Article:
Are you sure the person you asked to vouch for you isn't actually blowing your shot at a job? Follow these guidelines for getting effective recommendations.
MICHELLE SIMMONS thought she had the job locked up. She had already aced two interviews for the position as a nutrition counselor in the Los Angeles area. All that remained was a reference check. Simmons offered up the name of her supervisor at the assisted-living center where she used to work. After all, the woman had once told Simmons she'd be happy to provide a recommendation. "Based on that and my work history, I didn't think naming her as a reference would be a problem," Simmons says.
After two weeks passed without word, Simmons called to inquire. She was stunned to learn she had not gotten the job. Since this was the second time she'd been turned down by an interested employer, she was suspicious. She hired a firm to call her ex-supervisor, posing as an employer. Though the former boss lauded Simmons's dependability and communication skills, she also said she wouldn't hire her back and that there had been "minor conflicts" between her and management. "I was hurt and upset," says Simmons.
Without a good reference, Simmons, 34, felt she had little chance of finding work in social service. She has returned to school to become a paralegal — though she's not happy about switching careers. "I had my heart set on that job," she says.
It happens more than you might think: The person you pick to sing your praises winds up sabotaging your job prospects. Sometimes it's intentional. But often it's nothing more than an offhand comment meant to balance an otherwise glowing review. So how can you avoid getting burned? Be candid with the people giving references for you, advises Don Teff, an outplacement consultant in New York: "Ask, 'Is there anything negative about me that could show up in a reference?'" And since many employers ask open-ended questions such as "What's the candidate's management style like?" coach your reference on what skills to emphasize.
Start laying the groundwork as soon as you leave a job. Confirm basic information such as dates of employment, positions held, salary and reason for leaving. If a potential employer hears something on a reference check that's different from what you told them, "they might question your truthfulness," cautions Teff.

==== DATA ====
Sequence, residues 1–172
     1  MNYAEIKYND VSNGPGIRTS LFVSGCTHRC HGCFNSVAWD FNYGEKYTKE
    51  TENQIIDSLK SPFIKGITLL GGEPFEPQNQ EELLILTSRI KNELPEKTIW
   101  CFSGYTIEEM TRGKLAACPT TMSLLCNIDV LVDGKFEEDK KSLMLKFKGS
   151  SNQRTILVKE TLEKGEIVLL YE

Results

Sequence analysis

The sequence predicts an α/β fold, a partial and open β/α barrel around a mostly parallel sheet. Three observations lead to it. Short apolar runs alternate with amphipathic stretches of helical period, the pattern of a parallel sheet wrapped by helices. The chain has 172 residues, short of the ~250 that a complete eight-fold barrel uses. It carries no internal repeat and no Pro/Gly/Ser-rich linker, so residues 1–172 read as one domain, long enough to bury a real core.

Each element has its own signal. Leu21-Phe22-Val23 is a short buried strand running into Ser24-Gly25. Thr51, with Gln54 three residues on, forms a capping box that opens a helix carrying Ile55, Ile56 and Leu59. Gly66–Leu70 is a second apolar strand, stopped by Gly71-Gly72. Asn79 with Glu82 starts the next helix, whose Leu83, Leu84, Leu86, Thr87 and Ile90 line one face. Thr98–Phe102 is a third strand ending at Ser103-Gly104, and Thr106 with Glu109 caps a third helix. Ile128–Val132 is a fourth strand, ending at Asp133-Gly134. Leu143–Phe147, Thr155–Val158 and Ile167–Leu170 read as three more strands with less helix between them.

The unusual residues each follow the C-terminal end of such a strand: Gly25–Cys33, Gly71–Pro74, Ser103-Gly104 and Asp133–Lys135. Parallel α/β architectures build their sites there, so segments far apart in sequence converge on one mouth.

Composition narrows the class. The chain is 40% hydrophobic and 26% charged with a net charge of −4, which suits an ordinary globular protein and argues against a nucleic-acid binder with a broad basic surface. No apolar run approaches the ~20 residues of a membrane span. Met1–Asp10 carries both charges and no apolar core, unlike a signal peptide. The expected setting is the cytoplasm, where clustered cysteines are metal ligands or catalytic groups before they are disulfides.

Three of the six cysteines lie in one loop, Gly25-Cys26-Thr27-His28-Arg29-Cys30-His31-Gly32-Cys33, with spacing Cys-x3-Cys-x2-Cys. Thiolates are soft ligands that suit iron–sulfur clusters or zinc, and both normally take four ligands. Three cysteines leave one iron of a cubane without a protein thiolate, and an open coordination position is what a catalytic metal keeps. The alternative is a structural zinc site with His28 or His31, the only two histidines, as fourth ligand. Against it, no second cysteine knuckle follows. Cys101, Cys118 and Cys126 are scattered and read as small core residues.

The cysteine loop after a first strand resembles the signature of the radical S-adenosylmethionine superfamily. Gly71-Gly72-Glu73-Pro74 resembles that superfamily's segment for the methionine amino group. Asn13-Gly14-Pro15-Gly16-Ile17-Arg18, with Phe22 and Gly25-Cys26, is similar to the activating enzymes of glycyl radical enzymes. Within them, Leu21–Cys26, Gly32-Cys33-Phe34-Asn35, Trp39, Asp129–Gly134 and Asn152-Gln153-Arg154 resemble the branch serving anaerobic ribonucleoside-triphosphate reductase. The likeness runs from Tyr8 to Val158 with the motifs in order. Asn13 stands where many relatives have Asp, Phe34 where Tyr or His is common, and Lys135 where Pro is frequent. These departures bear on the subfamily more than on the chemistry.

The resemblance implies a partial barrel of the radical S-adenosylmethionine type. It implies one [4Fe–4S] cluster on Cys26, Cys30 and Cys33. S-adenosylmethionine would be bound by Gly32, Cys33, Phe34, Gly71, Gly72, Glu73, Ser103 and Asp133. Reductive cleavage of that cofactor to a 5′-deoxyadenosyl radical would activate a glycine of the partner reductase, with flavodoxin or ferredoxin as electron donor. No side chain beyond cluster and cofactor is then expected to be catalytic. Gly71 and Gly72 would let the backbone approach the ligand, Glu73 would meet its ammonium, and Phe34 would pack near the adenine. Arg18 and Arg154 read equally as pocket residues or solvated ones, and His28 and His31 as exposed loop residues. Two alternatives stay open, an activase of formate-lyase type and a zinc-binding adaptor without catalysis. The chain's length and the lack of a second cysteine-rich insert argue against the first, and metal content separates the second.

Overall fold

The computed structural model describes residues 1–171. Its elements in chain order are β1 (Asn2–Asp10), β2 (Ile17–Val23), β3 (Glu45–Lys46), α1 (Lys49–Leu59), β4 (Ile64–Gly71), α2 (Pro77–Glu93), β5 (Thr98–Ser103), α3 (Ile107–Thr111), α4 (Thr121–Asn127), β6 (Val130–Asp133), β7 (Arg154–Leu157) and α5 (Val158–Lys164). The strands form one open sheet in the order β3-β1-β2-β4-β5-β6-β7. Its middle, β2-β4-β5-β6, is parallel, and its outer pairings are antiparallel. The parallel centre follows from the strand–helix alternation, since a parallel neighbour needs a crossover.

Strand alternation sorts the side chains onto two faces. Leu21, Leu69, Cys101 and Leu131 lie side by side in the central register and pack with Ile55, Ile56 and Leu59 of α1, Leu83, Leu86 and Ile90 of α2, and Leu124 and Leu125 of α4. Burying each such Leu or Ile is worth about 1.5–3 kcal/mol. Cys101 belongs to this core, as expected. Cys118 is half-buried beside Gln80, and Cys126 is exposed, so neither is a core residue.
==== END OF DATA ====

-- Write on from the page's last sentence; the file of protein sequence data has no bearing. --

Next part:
Just because you don't name a former supervisor as a reference doesn't mean the recruiter won't contact him. If you had a bad experience, call that manager and explain that you'd like him to focus on your positives. If he won't budge, send a letter to your old HR department requesting it limit all references to strictly factual information. "Most employers err on the side of saying too little because they're afraid of getting sued," says Wendy Bliss, a human resources consultant and an attorney in Colorado Springs, Colo.
Not sure you're getting slammed? Some detective work may be in order. Simmons paid $87.95 to use Documented Reference Check (www.badreferences.com). MyReferences.com offers a similar service for $59 to $99 per reference, depending on how thorough you want to get. Discover your old boss mentioned the tequila shots you downed at the Christmas party? A strongly worded letter from a lawyer should put the kibosh on him. For $68.95, Documented Reference Check will fire off an official-looking cease-and-desist letter.
Legal revenge isn't so easy. Lawsuits involving bad references are typically based on defamation of character, and the burden of proof is usually on the employee. Also, most states have statutes that protect employers if they give "truthful, good-faith references." Translation: A former supervisor can call you a slacker as long as he had good reason to think it was true.
When you're the one giving a reference, you also have to be cautious so that you don't wind up undermining the candidate unintentionally. Think of it as a court deposition. Be brief, and answer only what you've been asked. Spontaneous remarks are often what get people in trouble. It's okay to bow out of a reference request if company rules prohibit providing one, but be careful not to raise suspicion. "Say, 'My company has an incredibly stringent policy, but there's no inference to be made that there's anything wrong with this person,'" suggests Gary Kaplan, an executive recruiter in Pasadena, Calif.
Of course, there may be times you feel obligated to point out negatives about a candidate. How can you protect yourself legally? While defamation law varies by state, there are some general guidelines for staying out of trouble: You're safe if the information is true (even better if it's documented), job-related and shared in response to specific questions, and if the person receiving it has a legitimate need to know, says attorney Bliss. Steer clear of such comments as "He's good for a 50-year-old," or anything else that relates to age, race or religion. "That could be used by employees in a discrimination suit," says New York attorney Katharine Parker.
Another no-no: Passing off rumor as fact. When project manager Kenneth Stanbury applied for a Washington, D.C., construction job, the company called his former employer, Sigal Construction. An executive there said Stanbury "seemed detail-oriented to the point of losing sight of the big picture." After Stanbury lost the job, he sued Sigal. During the trial, the exec admitted that his impressions came from hearing people talk at "casual luncheons" and "over a beer on a Friday afternoon." That alone wouldn't have been a problem, but he had failed to mention that he had never worked with Stanbury, even though the employer had asked to speak to someone who had. Stanbury was awarded $370,000.